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VOL. 8, NO. 8 • SEPTEMBER 2013­­


A Short History
of FOMC Communication
by Mark A. Wynne

Federal Open
Market Committee
communications have
changed radically over
the past two decades.


wenty years ago, when
the Federal Open Market
Committee (FOMC) decided
to alter the stance of monetary
policy by raising or lowering interest
rates, it did not announce that fact to the
general public. Rather, financial market
participants were left to divine what the
FOMC had decided by watching the
behavior of the “open market desk” in
securities markets.1
Today, when the FOMC decides to
change the stance of monetary policy,
it releases a detailed statement outlining the rationale for its decisions. The
Chairman holds press conferences four
times a year, and FOMC members give
numerous speeches and press interviews
to explain their thinking.2
FOMC communications have
changed radically over the past two
decades.3 These changes have proven
especially important in the current environment, where it is no longer feasible to
adjust interest rates to provide monetary
accommodation. By communicating its
beliefs about the likely stance of monetary policy over the coming months
and quarters, the FOMC can support the
ongoing recovery.

FOMC Statements
The first time the FOMC issued a
statement immediately after a meeting
explaining what action had been decided

was on Feb. 4, 1994.4 That statement simply noted that the committee decided to
“increase slightly the degree of pressure
on reserve positions” and that this was
“expected to be associated with a small
increase in short-term money market
interest rates.” By way of explanation for
why the committee was announcing its
decision, the statement said that this was
being done “to avoid any misunderstanding of the committee’s purposes, given
the fact that this is the first firming of
reserve market conditions by the committee since early 1989.”
In February 1995, the committee
decided that all changes in the stance of
monetary policy would be announced
after the meeting. It was not until July
1995, when the committee had shifted to
easing the stance of monetary policy, that
mention was made of a specific level of
the federal funds rate, when a decision to
ease monetary policy was expected to “be
reflected in a 25 basis point decline in the
federal funds rate from about 6 percent to
about 5¾ percent.”
Through 1996, 1997 and 1998, the
FOMC referred to target levels for the
funds rate of “around” or “about” a particular value and only issued statements
following decisions to change the funds
rate. Starting with the May 1999 meeting,
the FOMC announced that it had made
no change in policy, and initiated the
practice of releasing a statement after

Economic Letter

The committee has
gone from vague
language about
“pressure on reserve
positions” to concrete
statements about its
target range for the
federal funds rate and
the specific economic
developments that
would prompt a
change in that target
in the future.


every meeting regardless of whether the
stance of policy had changed. That same
year it began to refer to specific “target”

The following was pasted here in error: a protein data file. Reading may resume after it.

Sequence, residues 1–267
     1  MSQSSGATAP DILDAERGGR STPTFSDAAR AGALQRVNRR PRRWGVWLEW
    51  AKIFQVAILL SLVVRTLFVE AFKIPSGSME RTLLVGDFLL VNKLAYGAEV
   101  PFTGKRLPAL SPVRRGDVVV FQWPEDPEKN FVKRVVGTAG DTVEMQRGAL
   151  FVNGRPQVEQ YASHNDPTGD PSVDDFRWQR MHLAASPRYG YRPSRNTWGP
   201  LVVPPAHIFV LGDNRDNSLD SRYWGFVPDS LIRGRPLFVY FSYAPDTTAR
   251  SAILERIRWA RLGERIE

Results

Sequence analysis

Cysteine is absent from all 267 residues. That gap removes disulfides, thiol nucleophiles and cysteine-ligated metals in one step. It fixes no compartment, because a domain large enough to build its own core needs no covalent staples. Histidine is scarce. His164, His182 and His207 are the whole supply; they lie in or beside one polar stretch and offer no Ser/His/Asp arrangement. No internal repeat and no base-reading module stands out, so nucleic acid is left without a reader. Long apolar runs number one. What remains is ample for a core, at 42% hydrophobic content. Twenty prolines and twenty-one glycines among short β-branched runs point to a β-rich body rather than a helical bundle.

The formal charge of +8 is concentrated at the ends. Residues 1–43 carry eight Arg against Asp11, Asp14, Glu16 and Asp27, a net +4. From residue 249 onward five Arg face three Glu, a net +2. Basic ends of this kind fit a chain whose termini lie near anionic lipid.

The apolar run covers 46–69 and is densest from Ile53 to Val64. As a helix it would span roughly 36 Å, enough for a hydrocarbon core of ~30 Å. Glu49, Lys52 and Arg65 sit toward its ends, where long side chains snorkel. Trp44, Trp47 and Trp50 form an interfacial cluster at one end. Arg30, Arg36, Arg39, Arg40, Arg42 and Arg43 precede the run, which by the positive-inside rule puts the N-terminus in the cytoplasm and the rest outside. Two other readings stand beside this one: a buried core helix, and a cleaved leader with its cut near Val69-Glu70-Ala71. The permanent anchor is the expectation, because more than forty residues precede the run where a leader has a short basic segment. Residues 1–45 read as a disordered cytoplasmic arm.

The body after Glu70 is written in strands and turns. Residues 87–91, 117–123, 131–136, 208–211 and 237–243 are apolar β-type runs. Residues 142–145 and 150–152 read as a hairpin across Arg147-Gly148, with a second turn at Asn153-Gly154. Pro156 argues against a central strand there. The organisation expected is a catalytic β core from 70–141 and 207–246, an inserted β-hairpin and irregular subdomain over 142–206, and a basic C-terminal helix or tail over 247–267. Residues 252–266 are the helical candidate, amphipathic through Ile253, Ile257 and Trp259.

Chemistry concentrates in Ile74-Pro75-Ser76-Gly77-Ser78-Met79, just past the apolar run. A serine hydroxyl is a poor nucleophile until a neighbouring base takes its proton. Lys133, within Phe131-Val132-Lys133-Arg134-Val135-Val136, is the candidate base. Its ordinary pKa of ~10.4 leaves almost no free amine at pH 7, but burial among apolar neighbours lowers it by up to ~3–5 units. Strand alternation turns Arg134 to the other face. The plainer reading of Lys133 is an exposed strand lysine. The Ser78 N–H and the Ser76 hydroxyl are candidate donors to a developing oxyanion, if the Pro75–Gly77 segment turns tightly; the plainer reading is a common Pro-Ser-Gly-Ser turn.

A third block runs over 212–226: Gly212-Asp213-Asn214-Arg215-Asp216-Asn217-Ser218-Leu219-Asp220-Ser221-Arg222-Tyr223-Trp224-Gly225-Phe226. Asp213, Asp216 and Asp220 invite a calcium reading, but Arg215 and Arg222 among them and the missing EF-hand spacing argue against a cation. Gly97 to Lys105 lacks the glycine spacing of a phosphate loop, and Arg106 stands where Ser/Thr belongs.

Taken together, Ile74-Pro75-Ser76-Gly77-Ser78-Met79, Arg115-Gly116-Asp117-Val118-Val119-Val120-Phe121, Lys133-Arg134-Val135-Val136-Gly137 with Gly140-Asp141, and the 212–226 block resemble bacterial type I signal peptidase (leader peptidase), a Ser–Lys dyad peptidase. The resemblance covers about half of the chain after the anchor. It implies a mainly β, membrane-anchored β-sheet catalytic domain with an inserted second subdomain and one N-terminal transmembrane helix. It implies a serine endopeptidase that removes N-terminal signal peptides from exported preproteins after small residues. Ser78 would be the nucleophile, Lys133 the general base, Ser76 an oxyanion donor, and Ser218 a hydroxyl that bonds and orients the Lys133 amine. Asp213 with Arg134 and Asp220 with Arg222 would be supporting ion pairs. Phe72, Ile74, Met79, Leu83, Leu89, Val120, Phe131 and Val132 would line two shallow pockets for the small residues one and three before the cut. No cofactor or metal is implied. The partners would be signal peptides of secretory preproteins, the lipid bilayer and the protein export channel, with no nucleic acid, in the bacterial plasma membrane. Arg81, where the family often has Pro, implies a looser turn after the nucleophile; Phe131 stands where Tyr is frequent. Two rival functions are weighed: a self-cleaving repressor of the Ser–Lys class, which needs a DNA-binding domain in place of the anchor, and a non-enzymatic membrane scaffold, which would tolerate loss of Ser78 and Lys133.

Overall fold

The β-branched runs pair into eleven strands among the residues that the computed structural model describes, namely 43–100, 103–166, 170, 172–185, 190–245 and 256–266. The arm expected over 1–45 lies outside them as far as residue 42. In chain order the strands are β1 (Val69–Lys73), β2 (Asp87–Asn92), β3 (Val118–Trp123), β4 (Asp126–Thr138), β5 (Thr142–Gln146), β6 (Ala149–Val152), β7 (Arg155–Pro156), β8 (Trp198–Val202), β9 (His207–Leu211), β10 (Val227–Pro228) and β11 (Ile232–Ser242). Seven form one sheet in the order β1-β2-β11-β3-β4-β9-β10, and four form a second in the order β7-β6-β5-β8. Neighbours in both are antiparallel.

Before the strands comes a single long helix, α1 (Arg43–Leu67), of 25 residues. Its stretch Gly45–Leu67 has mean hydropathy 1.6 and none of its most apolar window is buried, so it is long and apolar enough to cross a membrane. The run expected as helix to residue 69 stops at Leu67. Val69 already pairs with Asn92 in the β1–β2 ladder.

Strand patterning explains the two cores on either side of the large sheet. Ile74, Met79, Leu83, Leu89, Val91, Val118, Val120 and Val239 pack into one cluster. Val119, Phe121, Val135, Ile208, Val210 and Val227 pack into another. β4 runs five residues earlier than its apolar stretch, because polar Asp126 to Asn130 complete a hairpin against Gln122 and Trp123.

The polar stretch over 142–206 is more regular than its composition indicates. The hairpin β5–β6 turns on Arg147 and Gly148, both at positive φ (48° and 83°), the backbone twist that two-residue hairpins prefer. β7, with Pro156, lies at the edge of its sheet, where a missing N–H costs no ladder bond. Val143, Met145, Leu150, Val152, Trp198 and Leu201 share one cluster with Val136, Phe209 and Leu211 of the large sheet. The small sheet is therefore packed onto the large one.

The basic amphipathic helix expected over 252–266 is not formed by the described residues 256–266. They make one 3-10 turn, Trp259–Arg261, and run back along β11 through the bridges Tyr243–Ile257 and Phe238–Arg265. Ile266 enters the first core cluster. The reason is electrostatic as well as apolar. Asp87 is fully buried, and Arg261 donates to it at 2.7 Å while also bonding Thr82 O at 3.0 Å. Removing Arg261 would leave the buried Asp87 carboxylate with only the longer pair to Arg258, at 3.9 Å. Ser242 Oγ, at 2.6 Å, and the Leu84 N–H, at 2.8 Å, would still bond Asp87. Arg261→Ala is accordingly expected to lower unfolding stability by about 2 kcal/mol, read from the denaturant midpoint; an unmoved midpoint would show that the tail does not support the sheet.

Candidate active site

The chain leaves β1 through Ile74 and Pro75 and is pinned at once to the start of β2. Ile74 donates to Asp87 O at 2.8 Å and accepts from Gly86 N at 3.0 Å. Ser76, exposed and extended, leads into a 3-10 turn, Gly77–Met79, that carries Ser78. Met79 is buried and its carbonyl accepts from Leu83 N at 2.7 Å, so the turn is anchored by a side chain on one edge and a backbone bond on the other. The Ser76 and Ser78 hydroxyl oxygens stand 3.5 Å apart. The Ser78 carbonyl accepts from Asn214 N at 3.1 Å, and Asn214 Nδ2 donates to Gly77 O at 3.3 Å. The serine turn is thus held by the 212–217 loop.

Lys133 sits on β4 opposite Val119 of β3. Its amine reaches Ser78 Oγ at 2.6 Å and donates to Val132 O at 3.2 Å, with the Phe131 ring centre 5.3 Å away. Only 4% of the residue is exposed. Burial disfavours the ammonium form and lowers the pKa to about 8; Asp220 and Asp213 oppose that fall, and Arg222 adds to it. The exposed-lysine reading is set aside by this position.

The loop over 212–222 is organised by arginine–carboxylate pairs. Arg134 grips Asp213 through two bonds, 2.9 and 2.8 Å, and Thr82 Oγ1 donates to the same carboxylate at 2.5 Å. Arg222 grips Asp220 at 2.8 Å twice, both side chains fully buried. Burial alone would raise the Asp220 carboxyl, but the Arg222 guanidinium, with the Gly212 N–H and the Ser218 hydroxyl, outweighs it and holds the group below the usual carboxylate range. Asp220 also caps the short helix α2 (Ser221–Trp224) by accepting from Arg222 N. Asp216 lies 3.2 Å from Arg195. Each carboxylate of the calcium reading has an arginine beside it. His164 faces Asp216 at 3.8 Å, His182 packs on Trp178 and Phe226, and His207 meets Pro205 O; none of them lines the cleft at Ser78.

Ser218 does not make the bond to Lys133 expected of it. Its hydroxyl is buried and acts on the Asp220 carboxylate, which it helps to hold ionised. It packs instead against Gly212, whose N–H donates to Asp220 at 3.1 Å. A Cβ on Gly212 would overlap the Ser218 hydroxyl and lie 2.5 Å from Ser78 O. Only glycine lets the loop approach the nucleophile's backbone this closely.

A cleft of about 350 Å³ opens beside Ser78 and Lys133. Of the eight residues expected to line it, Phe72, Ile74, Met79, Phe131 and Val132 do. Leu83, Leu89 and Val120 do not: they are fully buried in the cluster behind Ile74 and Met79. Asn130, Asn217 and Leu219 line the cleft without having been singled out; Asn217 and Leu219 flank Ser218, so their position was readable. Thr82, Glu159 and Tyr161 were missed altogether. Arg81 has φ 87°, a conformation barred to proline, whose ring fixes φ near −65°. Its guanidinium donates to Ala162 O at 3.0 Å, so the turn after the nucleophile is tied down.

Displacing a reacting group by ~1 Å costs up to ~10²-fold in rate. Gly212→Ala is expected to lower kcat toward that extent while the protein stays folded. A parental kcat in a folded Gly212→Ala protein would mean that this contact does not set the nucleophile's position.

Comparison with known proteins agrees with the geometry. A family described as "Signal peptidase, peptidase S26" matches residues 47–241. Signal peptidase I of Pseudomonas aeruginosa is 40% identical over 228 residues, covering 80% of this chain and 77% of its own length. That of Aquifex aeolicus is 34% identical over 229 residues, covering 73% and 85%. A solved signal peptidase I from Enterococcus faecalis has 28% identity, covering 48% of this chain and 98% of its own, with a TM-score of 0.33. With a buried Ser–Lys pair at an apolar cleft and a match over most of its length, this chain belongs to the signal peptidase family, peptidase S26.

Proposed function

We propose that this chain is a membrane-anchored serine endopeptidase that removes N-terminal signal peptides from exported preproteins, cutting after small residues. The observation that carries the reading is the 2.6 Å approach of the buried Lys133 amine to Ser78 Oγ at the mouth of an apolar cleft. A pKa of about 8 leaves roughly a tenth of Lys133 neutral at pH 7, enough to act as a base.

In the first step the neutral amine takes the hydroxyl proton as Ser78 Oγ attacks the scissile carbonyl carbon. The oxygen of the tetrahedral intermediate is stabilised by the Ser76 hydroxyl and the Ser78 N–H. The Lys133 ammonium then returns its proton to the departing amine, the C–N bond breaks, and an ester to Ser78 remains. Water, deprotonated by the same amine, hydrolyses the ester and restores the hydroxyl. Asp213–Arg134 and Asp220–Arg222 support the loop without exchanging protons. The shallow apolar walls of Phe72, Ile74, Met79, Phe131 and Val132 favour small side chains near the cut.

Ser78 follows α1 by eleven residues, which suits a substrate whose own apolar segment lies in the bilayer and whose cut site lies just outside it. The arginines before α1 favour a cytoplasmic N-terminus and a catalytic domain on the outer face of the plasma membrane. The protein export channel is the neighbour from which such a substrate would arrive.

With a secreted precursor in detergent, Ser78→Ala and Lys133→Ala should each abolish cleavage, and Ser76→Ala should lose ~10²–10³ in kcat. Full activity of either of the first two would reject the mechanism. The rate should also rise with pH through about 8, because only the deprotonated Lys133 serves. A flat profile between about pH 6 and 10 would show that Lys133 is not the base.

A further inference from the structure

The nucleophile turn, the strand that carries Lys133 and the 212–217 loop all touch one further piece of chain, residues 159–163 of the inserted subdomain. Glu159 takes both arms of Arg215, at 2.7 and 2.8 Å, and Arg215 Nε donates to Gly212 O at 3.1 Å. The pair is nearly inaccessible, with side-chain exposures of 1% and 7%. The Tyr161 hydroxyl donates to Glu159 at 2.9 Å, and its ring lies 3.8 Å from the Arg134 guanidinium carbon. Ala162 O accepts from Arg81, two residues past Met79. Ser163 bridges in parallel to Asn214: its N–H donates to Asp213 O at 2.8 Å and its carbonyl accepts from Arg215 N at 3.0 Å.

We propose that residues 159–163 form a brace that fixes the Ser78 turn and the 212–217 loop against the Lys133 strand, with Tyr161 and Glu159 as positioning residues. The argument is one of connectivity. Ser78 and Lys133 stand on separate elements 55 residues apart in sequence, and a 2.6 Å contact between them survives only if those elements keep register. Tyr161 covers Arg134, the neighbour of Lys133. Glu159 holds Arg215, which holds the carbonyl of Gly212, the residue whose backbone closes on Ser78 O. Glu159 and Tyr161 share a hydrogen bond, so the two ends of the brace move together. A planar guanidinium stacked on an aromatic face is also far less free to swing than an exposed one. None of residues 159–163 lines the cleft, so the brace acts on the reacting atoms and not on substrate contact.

levels for the funds rate.
Also starting in 1999, the committee began to issue forward guidance of
a sort in the form of an assessment of
the perceived risks going forward. For
example, after the August meeting, it
announced that “the directive the Federal
Open Market Committee adopted is symmetrical with regard to the outlook for
policy over the near term.” By October of
the same year, the directive was “biased
toward a possible firming of policy going
forward.” However, references to symmetric or asymmetric directives proved
short-lived. Starting in February 2000,
the committee instead referred to risks
of “heightened inflation pressures” or
“economic weakness” in the near term,
that is, risks to the committee’s mandate
to deliver price stability and maximum
sustainable employment.
By 2003, the committee was worried about inflation getting too low, and
it reduced the federal funds rate to the
then-unprecedented level of 1 percent.
Starting with the August meeting, the
committee again began issuing forward
guidance about the stance of policy, noting that it believed that “policy accommodation can be maintained for a considerable period.”
In January 2004, the committee
changed this language to state that it
believed that it could “be patient in
removing its policy accommodation.” The
language was altered once again in May
2004 to state that “policy accommodation
can be removed at a pace that is likely to
be measured.” Then the committee raised
the federal funds rate by 25 basis points at
its June meeting and at each of the subsequent 16 meetings.
The “likely to be measured” language
was included in every statement until
the December 2005 meeting, by which
time the federal funds rate had been
increased to 4.25 percent. Through 2006,
the committee noted that the “extent
and timing” of any additional firming of
policy depended on the evolution of the
economic outlook and specifically the
outlook for both inflation and economic
growth. The tightening cycle ended with
the funds rate at 5.25 percent, where it

remained until the first strains of the
financial crisis began to manifest themselves in August 2007.

Financial Crisis Communications